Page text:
It is a constant challenge for employers to keep up with the panoply of protections afforded to actual employees by federal, state and localemployment discrimination and other laws. Beware — there is a new trend afoot that adds yet another layer of compliance complexity. States are beginning to extend the protection of employment discrimination laws to a distinct category of persons who are not even employees at all — unpaid interns.
Just a few of weeks ago, Illinois amended its employment discrimination prohibitions to extend protection to unpaid interns, confirming what has become a trend. The trail was first blazed by a 2013 Oregon law extending discrimination and workplace harassment protections to interns. New York City and Washington, DC followed suit with similar protections. Then in July 2014 the State of New York amended its employment discrimination law to cover unpaid interns. And now, Illinois accelerates the trend.
What does this mean for employers in Oregon, Washington D.C., New York, and Illinois? They can now be sued by an unpaid intern who claims the company failed to hire him or her, failed to grant him or her a favorable training or work opportunity, terminated the internship, or made any other decision regarding the terms and conditions of the individual’s internship based on the intern’s protected status. In Illinois, for example, a company cannot make any decisions regarding an intern based on that intern’s race, color, religion, national origin, ancestry, age, sex, marital status, order of protection status, disability, military status, sexual orientation, or unfavorable discharge from military service. Additionally, based on a new Illinois law that requires employers to make reasonable accommodations for pregnant employees, unpaid interns in Illinois will also be entitled to reasonable accommodations for pregnancies as well as for disabilities. And of course, an unpaid intern in any of these jurisdictions could sue for sexual or other harassment in the workplace.
In light of this trend, a few words to the wise:
- Employers should reassess whether it even makes sense to have an unpaid internship program at all. The legal developments in recent years have clearly increased employers’ liability exposures for wages, and now discrimination. Is an unpaid intern worth it? The Department of Labor wage and hour standards for interns confirms one of the factors it considers to determine if an individual may be validly classified as an unpaid intern, as opposed to an employee, is whether “The employer that provides the training derives no immediate advantage from the activities of the intern; and on occasion its operations may actually be impeded.” It may be hard to justify taking on an unpaid intern if the standard essentially requires that the individual actually impede the business and add no value. (In the old days this was a role typically reserved for the boss’s kid during summers between school years.)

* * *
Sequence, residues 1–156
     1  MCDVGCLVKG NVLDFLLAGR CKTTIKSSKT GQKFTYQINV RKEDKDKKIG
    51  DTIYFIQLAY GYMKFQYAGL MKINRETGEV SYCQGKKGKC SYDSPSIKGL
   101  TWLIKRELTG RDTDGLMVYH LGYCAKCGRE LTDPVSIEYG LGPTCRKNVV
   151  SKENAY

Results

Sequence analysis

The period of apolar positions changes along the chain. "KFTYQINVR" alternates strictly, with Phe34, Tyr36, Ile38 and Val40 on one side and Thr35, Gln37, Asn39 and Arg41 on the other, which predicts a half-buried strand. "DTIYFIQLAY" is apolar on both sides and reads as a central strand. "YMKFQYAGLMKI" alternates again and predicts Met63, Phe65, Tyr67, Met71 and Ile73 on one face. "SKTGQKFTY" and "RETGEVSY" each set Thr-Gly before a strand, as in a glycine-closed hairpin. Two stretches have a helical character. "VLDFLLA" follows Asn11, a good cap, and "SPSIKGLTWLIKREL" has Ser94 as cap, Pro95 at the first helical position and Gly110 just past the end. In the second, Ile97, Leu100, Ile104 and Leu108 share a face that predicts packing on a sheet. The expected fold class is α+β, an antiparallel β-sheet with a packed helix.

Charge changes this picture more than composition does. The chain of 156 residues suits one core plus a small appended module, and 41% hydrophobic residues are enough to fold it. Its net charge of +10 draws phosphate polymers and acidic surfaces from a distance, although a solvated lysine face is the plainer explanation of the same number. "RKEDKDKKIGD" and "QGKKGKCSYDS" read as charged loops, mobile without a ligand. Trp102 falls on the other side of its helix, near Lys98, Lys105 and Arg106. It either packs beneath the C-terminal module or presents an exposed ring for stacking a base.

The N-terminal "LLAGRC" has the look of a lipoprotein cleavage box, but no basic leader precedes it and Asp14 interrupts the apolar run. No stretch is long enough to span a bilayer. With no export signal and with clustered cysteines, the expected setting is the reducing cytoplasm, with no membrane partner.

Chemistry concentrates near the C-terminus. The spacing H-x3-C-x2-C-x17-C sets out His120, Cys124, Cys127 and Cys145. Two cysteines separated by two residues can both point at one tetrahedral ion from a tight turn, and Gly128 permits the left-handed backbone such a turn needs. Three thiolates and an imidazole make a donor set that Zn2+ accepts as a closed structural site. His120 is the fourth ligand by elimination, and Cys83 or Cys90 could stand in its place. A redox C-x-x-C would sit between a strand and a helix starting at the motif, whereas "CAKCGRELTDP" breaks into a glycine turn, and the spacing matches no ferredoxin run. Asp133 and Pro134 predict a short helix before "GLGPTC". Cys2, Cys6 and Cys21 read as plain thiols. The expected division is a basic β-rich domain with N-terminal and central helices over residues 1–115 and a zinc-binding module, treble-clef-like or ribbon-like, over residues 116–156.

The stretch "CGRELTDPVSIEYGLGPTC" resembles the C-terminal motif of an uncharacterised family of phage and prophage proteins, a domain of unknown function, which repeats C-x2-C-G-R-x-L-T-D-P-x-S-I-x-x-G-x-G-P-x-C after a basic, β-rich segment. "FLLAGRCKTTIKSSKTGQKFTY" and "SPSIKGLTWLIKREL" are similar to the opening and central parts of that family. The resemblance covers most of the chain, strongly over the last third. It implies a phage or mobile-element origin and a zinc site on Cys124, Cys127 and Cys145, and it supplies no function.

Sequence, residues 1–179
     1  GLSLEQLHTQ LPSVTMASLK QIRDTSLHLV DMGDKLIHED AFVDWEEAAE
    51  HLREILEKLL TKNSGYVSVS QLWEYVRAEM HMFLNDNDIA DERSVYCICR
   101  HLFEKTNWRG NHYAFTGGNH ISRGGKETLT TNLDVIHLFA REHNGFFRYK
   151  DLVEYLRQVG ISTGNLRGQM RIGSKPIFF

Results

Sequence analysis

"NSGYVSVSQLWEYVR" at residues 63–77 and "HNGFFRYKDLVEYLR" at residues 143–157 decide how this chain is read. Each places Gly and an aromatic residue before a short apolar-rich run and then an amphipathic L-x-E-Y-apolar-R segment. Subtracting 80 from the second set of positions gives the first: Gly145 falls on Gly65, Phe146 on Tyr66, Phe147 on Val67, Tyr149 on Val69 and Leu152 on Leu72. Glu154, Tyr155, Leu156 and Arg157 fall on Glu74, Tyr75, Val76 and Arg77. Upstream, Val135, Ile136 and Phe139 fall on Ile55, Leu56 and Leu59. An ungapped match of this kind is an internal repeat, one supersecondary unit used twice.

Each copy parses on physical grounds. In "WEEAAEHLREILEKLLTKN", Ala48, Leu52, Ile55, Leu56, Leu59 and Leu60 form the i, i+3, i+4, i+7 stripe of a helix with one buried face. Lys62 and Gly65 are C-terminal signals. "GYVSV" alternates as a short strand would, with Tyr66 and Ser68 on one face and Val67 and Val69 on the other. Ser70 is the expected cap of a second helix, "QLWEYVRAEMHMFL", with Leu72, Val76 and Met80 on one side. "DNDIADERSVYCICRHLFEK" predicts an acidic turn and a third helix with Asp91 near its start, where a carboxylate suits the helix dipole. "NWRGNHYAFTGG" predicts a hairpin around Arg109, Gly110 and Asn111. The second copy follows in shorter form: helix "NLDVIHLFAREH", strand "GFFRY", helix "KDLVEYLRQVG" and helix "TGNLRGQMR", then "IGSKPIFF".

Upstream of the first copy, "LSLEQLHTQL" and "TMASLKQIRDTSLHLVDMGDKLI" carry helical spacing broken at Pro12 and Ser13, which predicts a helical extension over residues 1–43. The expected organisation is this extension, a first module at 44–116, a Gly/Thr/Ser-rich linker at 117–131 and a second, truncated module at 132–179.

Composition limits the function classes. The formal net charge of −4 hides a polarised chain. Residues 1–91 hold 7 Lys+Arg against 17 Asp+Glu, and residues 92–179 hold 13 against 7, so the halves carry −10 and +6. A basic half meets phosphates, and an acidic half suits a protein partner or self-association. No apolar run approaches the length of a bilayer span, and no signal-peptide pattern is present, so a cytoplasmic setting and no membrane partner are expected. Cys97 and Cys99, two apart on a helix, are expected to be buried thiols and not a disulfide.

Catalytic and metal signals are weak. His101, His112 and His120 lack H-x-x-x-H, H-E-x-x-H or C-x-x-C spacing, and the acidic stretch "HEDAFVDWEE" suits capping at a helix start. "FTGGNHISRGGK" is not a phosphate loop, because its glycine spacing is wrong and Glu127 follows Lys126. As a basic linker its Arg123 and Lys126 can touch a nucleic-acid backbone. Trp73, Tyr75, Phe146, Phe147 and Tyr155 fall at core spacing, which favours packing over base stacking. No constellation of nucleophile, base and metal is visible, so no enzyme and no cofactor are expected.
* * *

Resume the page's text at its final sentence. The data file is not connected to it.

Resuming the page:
- If an employer nonetheless has an unpaid internship program, the program must be open to all. A well-intentioned internship program for minority students that has been operated successfully for years may now represent illegal race discrimination against non-minority students who would like to participate in the internship. Similarly, employers should not reject 50 or 60 or 70 year-old persons who seek to participate in the company’s unpaid internship program based on their age. (For a few laughs, see Owen Wilson and Vince Vaughn in The Internship, a 2013 comedy about two middle-aged guys who find themselves in the internship program at Google.)
- An employer cannot play favorites among the unpaid interns in any manner that might support a claim by one that other interns received better projects, training, networking opportunities, exposure in the company or anything else because of their gender, or race, or age, or any other category protected by the employment discrimination laws. Now maybe even the opportunity to fetch a double mocha latte and deliver it to the boss has to be awarded on a basis that is entirely non-discriminatory.
- The employer should update any anti-discrimination and anti-harassment policies to cover unpaid interns and make sure the interns also understand these principles. Anti-harassment training of employees should emphasize that the policy covers unpaid interns, and stress that any sexual or other harassment of unpaid interns is a violation that will not be tolerated. This is important because often young, inexperienced and impressionable interns can be vulnerable targets for harassers in the workplace – or engage in inappropriate behavior amongst themselves.